Mount NTFS Drives on Mac

Looking to connect an NTFS drive on your Mac? That’s just what NTFSMounter is for. It’s a simple menubar app that allows you to access NTFS volumes.

When the application is running it simply checks for NTFS volumes. If a drive has been automatically mounted by the system, you will have to eject the volume first. NTFS Mounter won’t eject the volume by itself to avoid any other applications to crash if they are accessing files on the volume. Once you have ejected the volume, you can try to select it again from the menu.

I’ve read reports online that NTFSMounter doesn’t work on Lion (I last tried it on Snow Leopard), but there are a number of different proposed fixes. Here’s one via Terminal:

# Look up where the identifier for your NTFS disk first
# Alternatively you can look it up in "Apple Menu (alt/option) >> System Information >> USB"
diskutil list

# First umount the automounted volume
diskutil umount /dev/disk2s2

# Make a new directory
mkdir /backup

# Mount your drive
/sbin/mount_ntfs -o rw /dev/disk2/s2 /backup

Another Terminal alternative I found:

# Look up where the identifier for your NTFS disk first
# Alternatively you can look it up in "Apple Menu (alt/option) >> System Information >> USB"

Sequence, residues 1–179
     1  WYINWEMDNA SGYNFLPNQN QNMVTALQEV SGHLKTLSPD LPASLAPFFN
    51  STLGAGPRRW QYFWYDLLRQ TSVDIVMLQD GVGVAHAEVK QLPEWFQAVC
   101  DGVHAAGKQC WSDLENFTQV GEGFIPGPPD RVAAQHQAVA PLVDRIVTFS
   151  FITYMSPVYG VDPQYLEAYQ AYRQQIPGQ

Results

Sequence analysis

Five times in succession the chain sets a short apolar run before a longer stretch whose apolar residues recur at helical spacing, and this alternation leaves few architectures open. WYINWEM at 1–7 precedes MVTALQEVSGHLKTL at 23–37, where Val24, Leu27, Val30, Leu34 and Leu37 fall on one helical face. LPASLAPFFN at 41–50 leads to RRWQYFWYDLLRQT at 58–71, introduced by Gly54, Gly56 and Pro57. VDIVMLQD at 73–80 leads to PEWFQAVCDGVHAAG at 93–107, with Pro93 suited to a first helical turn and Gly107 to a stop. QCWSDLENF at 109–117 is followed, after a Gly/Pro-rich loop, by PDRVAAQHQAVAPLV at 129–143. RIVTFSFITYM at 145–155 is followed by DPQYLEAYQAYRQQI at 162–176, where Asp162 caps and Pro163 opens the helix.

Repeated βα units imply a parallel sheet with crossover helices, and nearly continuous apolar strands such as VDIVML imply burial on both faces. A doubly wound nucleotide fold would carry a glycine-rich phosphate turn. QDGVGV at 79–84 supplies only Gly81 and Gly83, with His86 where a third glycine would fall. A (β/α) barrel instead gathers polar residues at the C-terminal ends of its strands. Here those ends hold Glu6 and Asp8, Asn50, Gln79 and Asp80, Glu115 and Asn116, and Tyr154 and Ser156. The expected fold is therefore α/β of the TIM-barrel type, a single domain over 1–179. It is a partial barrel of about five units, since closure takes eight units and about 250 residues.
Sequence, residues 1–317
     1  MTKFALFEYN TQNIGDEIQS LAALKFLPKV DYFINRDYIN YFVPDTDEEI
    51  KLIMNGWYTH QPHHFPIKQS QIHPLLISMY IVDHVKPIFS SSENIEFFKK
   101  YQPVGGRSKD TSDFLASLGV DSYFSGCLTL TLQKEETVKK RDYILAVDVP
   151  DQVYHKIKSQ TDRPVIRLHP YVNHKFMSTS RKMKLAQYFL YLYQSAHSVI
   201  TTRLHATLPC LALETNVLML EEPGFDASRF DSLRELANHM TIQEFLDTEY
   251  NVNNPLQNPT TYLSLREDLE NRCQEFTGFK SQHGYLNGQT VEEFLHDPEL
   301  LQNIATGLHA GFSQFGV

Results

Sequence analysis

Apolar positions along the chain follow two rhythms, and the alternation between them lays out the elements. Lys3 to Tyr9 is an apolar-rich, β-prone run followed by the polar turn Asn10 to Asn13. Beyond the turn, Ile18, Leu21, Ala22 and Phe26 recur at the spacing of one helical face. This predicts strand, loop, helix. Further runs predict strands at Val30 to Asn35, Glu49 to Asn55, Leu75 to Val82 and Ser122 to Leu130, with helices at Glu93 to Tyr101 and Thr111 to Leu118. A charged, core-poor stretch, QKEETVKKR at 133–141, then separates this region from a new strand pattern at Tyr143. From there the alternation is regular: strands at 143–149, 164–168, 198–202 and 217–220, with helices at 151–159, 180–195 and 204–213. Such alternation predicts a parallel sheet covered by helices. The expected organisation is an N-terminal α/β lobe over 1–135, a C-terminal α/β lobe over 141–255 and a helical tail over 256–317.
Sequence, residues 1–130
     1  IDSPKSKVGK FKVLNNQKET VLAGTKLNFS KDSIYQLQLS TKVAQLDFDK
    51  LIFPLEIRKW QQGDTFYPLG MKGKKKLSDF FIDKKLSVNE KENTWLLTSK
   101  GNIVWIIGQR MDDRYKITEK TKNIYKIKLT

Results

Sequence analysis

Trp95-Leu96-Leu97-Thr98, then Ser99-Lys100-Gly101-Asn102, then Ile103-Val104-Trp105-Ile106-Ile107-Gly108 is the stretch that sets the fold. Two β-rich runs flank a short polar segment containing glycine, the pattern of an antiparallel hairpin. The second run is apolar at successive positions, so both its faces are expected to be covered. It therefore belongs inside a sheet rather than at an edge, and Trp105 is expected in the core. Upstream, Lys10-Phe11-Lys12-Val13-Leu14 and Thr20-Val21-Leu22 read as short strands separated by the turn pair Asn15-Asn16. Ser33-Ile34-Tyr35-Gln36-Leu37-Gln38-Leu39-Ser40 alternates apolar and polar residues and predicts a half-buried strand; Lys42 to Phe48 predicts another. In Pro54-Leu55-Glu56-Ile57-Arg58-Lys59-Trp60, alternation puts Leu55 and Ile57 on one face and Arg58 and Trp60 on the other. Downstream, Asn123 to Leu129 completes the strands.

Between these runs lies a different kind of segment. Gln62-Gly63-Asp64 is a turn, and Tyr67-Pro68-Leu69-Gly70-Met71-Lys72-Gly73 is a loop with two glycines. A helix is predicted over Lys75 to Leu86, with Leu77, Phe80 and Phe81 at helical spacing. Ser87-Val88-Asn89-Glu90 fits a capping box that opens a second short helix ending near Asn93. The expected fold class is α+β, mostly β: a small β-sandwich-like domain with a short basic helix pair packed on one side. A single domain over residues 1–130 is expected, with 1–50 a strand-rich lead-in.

diskutil list

# Make a directory to you mount your drive
sudo mkdir /Volumes/usb1

# Mount the volume in the new location
sudo mount -t ntfs /dev/disk1s1 /Volumes/usb1/

According to the mount man page, you should be able to add the -w option for read-write capability.

Another source suggested downloading the ntfs-3g files and substituting sudo mount -t ntfs /dev/disk1s1 /Volumes/usb1/ with sudo mount -t ntfs-3g /dev/disk1s1 /Volumes/usb1/.

I read about a Google code project called MacFUSE too. This might be worth a shot as well.

Lastly, these two options (Buy or Try) have had some success: Tuxera NTFS and Paragon NTFS.

If you aren’t worried about backing up files for a specific filesystem on your external drive, you can always partition it with exFat, the new “Fat64”. (In case you didn’t know, Fat32 doesn’t support files over 4GB.)


  1. NTFS-3G has been my favorite for a few years now, and no command line voodoo is needed, it will automount them. However, get it from here to get the most recent version: Not sure why MU doesn’t have the later version in there.


    1. Thanks for the update Josh.

      I dug around a bit more and has a recently updated stable version available for download. Also, from that site I realized that many of the porting tools (Fink, Macports & Homebrew) have a package that can be installed. For Homebrew, it’s as simple as brew install ntfs-3g


  2. […] Some commercial alternatives are available too: Mount NTFS Drives on Mac | Taylor McGann's Blog The most simple solution would be a FAT32 partition for sharing files, methinks. On FAT volumes […]


  3. Thanks for your post Taylor! But as for me it’s too difficult due to I’m a girl. ;) I tried to do all these operations and got confused, so I just bought Paragon NTFS for Mac and solved this problem! :)


    1. Don’t blame being incompetent on being a girl, please. Some of us “girls” are quite good at what we do.


Comments, questions and feedback welcome.